Raketa and Russian 24 Hour Watch Review
Summary: Cheap and fun way to learn about 24-hour timekeeping with a variety of wristwatches and 24-hour pocket watches..
Pocket watches are as rare as spats these days, but a 24-hour pocket watch? Is there such a thing?
There sure is; welcome to the world of 24-hour timekeeping. 24-hour watches, clocks and, apparently, pocket watches are more popular in Europe than in North America, and Russia has a long history of 24-hour timekeeping due to their 10 different time zones. Think about that one for a minute...
A sub-culture of watch collecting is devoted to the 24-hour watch; actually, there are quite a few more 24-hour watches than most people probably realize. Some are "ToT", or "Twelve on Top" watches, with noon (or 1200 hours in 24-hour parlance) indicated by the standard "12" at the top of the dial.
This puts 0600 in the 9 o'clock position and 1800 hours, or 6 p.m., in the 3 o'clock position and the sweep of the hour hand across the top of the dial, with noon at the top, symbolizes the sweep of the sun from dawn to dusk.
Confused? You shouldn't be. 24-hour timekeeping is pretty easy once you get used to it. Actually, it's very easy until noon, but after that, the hours count up from 13 to 23:59:59. The best part about wearing a 24-hour watch is when someone asks you the time and you quickly read it off while they scratch their head, wondering what's wrong with your watch.
Raketa 24-Hour Watches
Raketa ("Rocket" [Pакета] in Russian) traces their history all the way back to 1721. Like any business, they've had ups and they've had downs over the years, but the bottom line is that watches with the Raketa name have been around for quite a while and they're very popular with collectors.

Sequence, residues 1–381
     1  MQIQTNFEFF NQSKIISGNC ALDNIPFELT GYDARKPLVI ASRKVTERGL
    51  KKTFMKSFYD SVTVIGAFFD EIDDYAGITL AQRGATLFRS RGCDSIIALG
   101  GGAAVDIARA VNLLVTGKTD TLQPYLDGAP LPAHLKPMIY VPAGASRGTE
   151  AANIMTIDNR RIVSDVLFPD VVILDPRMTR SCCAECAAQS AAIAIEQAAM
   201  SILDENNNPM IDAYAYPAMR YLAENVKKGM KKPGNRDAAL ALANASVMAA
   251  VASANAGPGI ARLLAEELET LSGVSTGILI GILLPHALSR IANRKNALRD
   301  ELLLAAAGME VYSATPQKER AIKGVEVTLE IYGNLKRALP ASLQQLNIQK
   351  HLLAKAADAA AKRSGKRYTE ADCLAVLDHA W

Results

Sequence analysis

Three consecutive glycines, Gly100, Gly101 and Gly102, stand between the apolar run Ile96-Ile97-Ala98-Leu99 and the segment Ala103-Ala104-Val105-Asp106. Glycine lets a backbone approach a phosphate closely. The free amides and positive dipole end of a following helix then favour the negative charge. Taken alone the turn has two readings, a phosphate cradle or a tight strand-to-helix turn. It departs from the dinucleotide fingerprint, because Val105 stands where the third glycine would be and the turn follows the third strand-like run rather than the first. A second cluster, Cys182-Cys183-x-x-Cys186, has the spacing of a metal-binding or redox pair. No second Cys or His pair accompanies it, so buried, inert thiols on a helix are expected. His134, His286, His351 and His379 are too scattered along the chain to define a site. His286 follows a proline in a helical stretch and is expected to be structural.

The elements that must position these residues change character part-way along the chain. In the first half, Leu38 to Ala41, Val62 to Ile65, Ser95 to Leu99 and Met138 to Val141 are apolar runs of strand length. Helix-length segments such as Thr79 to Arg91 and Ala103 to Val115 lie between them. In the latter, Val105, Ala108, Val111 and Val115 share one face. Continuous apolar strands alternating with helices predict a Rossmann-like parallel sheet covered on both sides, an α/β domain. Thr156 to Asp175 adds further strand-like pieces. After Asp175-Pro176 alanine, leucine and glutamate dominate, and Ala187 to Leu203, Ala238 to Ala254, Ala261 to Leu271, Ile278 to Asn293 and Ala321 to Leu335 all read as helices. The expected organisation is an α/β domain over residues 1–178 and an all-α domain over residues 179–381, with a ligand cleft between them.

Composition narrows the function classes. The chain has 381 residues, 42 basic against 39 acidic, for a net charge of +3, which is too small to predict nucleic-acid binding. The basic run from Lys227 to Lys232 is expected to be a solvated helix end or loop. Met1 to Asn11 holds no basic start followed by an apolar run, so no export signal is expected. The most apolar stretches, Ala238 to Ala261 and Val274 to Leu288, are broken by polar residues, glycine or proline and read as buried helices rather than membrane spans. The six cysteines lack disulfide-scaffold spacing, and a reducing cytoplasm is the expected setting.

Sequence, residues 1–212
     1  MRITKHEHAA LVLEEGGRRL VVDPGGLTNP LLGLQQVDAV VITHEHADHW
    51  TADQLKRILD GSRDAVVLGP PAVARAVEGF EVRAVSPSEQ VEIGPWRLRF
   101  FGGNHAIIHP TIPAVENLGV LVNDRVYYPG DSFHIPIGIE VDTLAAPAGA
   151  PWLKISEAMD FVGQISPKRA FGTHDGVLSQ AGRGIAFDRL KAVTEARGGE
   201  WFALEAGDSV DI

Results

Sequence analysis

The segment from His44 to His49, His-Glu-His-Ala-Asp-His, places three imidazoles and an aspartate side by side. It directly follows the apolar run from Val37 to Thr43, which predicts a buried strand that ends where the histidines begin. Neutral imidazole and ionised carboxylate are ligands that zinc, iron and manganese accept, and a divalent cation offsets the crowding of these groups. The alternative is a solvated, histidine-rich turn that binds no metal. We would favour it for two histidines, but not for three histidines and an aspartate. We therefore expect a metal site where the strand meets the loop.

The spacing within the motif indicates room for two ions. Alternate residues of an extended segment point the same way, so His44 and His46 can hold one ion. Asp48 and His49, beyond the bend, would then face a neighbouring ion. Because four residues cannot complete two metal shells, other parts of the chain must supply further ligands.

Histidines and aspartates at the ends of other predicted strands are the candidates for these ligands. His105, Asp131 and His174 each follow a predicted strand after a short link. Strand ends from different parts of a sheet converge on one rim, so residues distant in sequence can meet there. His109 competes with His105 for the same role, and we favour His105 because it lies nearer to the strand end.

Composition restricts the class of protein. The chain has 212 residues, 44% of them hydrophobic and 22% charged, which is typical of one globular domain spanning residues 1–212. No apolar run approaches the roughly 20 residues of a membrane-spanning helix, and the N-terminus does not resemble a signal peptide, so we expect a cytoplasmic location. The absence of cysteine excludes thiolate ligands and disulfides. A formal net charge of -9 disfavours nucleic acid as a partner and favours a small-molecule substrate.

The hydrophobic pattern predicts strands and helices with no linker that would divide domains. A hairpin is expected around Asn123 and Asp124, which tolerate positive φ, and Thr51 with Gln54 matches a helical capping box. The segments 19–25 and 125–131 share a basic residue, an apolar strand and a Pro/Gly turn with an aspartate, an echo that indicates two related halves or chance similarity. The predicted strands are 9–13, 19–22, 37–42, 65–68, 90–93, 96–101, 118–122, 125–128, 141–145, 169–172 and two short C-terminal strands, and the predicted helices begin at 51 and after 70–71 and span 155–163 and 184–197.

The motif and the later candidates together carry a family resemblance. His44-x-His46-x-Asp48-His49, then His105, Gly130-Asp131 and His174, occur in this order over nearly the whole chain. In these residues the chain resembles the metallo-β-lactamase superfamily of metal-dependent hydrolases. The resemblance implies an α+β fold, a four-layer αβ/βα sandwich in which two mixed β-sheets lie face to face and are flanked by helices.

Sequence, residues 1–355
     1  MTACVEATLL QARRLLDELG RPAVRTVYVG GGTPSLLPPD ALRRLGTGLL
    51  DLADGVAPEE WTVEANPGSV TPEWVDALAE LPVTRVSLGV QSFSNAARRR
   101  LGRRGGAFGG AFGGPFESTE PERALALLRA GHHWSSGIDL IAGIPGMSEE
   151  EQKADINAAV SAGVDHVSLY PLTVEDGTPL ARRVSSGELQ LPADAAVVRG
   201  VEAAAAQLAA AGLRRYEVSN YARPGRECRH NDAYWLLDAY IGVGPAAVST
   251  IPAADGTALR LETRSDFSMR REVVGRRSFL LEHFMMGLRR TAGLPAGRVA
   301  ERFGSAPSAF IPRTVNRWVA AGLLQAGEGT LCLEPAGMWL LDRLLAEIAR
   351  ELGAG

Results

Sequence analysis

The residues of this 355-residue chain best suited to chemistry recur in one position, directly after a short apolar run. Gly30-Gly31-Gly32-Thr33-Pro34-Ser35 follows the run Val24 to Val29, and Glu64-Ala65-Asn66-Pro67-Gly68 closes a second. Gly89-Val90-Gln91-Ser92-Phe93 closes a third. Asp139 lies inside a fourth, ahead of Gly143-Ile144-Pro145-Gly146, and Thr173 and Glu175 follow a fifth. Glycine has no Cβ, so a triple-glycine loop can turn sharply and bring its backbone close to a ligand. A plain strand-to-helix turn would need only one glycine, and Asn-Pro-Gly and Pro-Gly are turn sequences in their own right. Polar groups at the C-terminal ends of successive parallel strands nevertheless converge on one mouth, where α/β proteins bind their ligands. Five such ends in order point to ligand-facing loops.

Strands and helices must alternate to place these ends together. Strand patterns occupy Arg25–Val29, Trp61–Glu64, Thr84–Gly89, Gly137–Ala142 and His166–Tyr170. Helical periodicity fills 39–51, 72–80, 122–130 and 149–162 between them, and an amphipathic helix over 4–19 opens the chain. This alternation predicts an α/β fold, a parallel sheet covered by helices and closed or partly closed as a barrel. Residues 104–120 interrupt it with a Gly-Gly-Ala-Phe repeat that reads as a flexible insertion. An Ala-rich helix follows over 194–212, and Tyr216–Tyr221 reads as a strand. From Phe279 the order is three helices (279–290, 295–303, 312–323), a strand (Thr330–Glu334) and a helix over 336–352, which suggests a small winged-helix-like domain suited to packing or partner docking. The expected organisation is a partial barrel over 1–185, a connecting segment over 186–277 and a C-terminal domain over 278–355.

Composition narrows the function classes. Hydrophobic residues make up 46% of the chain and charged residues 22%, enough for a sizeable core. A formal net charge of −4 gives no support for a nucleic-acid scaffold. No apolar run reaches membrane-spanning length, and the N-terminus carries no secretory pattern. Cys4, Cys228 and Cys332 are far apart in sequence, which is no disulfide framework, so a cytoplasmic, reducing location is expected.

The watches seen in the photos in this review are of late 20th Century vintage, made either by Raketa or with other Russian heritage. Raketa is undergoing a reorganization and they claim that this style case and technology will be superseded in the very near future by an entirely new collection of watches. That remains to be seen, but the important point is that anyone who wants a watch of this design should act fast, as apparently once they're gone, they're gone for good.
Most of the "modern" Raketa watches of this vintage use the familiar semi-cushion style case. The watches are of modest width; 38 to 39 mm across, not counting the crown. The construction is...well, let's just say that it's a good thing they're updating the manufacturing techniques and technology. And styling.
Like most of the inexpensive Russian watches, these Raketa and Russian-themed 24-hour watches and pocket watches are basic, no-frills timepieces with simple, rugged build quality. They're nowhere near the quality of the Vostok Amphibia, for example -- which, in a way, isn't saying much. But for watch collectors who are curious about 24-hour timekeeping and who don't want to spend a lot of money (and who desire a mechanical watch), the Raketa is the only game in town.
Raketa 24-Hour Watch Variations
There has been some controversy surrounding this style of Raketa watch, with the company now claiming that many of them are fakes. Why anyone would make the effort to fake a $35.00 watch that probably sells at a rate of a couple hundred per year world-wide is the first question that comes to mind. The next question would be "Then where do all those Raketa parts and watch cases come from?"
My theory is that with the entire Russian watch industry struggling, the factories are probably scrounging every spare part they can find in the old dustbins and putting together whatever they can to make some money. And how about all those employees -- nothing against them, of course -- but perhaps a few parts here and there came home, and some watches were put together on the kitchen table?